Based in Southern Africa, ITSENG feels strongly about protecting our precious wildlife. Our Wildlife is a huge attraction for people from all corners of the globe and brings thousands of travellers to our shores each year. Our Wildlife is rapidly declining and we support those that are really making a difference to save our wildlife for future Generations.
African Parks is a non-profit conservation organization that takes on direct responsibility for the rehabilitation and long-term management of protected areas in partnership with governments and local communities. Wildlife across Africa are under siege, whether elephants for their ivory, rhinos for their horns, or bushmeat for local consumption. African elephants number around 350,000 down from 10 million just over a hundred years ago, and fewer than 25,000 rhinos are left on the continent. Wildlife habitats, such as forests, woodlands, savannahs and wetlands are under enormous pressure and are almost entirely restricted to Africa’s national parks, due to being converted at an alarming rate for the increasing demands of an increasing human population. Africa’s ecosystems and biomes are under tremendous strain and they urgently need to be conserved before they collapse, and are lost forever.
African Parks wildlife conservation approach combines habitat management, wildlife reintroductions and translocations, monitoring programs, as well as relevant research to inform conservation actions. Often the parks require total rehabilitation including the reintroduction of wildlife that has become locally extinct for a variety of reasons. Where necessary, we secure park boundaries through fencing, mitigate conflict, and most importantly we implement stringent law enforcement and anti-poaching practices to alleviate the key threats and provide for safe, secure areas in which wildlife can thrive.
In 2016, we conducted nine wildlife surveys in eight parks, collared and tracked 175 animals representing nine species: elephant, rhino, lion, cheetah, giraffe, eland, buffalo, hyaena and the shoebill. In 2017 we brought rhinos back to Akagera, in Rwanda, cheetahs back to Liwonde in Malawi, and will have completed the historic translocation of 500 elephants to Nkhotakota also in Malawi. We documented 80 new elephant calves in Zakouma, in Chad where we have practically eliminated poaching, and the population surpassed 500 individuals, which is the first increase recorded in over a decade.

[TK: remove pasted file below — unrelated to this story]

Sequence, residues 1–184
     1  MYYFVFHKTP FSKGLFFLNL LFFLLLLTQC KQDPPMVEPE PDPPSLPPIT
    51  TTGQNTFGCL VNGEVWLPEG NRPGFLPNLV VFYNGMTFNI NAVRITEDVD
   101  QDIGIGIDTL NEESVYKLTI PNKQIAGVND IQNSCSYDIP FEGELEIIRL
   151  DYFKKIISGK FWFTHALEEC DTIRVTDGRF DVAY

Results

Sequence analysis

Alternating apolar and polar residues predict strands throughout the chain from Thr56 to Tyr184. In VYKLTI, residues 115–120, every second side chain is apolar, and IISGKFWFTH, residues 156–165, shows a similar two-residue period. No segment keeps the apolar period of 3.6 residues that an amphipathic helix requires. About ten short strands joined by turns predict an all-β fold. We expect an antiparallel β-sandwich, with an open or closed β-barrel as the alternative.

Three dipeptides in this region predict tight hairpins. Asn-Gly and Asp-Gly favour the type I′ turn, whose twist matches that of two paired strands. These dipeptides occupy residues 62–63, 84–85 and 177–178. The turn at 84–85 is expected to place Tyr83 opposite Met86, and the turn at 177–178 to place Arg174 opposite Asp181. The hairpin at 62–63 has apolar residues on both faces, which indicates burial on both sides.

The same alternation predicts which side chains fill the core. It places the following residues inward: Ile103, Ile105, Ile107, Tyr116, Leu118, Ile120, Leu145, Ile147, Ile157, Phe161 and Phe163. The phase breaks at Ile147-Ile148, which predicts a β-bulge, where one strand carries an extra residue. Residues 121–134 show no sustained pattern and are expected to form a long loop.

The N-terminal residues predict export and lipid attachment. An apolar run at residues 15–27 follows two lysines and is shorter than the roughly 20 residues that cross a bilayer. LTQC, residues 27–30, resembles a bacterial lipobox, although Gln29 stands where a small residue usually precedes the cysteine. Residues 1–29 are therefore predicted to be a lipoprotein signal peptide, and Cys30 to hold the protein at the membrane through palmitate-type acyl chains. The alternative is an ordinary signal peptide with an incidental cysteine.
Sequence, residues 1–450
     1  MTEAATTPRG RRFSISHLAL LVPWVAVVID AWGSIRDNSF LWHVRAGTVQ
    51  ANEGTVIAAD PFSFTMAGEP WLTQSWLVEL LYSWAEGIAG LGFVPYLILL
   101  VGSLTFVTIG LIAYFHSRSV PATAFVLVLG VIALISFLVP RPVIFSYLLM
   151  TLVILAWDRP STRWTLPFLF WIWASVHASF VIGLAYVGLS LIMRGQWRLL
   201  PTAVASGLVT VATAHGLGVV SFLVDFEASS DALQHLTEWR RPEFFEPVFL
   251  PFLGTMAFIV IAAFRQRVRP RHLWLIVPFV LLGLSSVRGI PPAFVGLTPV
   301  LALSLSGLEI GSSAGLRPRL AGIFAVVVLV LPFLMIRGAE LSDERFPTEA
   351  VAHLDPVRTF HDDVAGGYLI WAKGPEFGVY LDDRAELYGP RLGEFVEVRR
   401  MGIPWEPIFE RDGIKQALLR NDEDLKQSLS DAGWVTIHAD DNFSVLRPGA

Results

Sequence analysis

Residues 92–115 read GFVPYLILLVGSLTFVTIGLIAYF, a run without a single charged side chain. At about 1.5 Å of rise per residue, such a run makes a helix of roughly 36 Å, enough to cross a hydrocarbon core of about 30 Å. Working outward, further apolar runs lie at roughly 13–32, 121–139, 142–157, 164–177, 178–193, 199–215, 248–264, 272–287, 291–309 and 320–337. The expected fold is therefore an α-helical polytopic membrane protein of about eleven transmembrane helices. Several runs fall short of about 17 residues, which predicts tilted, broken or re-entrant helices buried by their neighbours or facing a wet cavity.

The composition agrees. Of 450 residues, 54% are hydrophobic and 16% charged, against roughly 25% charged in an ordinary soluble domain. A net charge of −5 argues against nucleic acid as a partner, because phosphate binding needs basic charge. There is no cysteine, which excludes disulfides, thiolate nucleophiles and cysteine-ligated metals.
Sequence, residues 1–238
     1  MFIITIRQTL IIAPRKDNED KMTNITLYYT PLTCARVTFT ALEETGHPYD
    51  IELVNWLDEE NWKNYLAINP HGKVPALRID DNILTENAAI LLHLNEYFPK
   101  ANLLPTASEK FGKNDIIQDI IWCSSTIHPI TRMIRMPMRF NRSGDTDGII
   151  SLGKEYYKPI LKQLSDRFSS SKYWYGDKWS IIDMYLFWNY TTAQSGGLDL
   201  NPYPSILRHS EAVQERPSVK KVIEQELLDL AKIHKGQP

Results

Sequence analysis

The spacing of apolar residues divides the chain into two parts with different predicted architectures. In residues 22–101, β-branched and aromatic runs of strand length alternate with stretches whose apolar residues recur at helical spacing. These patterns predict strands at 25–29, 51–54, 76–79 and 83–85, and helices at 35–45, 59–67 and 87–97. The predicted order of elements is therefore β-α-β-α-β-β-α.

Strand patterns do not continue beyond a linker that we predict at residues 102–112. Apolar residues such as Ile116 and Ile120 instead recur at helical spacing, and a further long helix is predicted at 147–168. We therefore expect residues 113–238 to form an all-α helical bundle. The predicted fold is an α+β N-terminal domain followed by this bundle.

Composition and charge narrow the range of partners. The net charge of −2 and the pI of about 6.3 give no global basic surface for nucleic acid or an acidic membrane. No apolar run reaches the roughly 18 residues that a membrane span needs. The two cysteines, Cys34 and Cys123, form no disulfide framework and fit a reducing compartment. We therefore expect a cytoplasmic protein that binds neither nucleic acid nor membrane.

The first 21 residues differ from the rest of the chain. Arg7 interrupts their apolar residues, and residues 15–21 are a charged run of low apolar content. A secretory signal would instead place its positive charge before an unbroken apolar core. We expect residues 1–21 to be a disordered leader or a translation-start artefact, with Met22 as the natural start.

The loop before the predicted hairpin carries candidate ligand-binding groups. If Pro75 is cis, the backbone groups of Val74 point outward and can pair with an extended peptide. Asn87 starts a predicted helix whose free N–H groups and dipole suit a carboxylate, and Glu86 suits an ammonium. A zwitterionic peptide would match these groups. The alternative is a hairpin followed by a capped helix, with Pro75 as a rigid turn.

All of this is done with the aim of preserving ecosystems and naturally occurring ecological processes, resulting in healthy watersheds, clean air, carbon sequestration, food security and overall better health for wildlife and people.
TRANSLOCATIONS AND REINTRODUCTIONS
Translocations are a valuable, resource-intensive conservation management strategy that can be applied to protected areas to actively reduce the risk of species extinction by broadening their range, increasing their numbers, or establishing entirely new populations. African Parks has carried out numerous successful.
Translocations are a valuable, resource-intensive conservation management strategy that can be applied to protected areas to actively reduce the risk of species extinction by broadening their range, increasing their numbers, or establishing entirely new populations. African Parks has carried out numerous successful translocations, most recently the movement of 500 elephants from Liwonde and Majete to Nkhotakota, of which all three parks are under the management of African Parks and within Malawi. We also have carried out several reintroductions to establish a healthy, genetically diverse, self-sustaining population to an area where it has been extirpated. In May 2017, we returned 18 eastern black rhinoceroses to Akagera in Rwanda after the last individual was documented in the country in 2007. These methods can prove to be very successful once the parks key threats have been resolved which typically means effective law enforcement to ensure the safety of the park and it wild inhabitants. Both Majete in Malawi, and Akagera have achieved Big Five status under our management due to translocations and reintroductions.
When you donate to African Parks, because of their endowment and the generosity of our boards, 100% of your support goes directly to the parks where you are helping us bring species back to their former ranges, and helping us to create safe areas for them to breed, and thrive.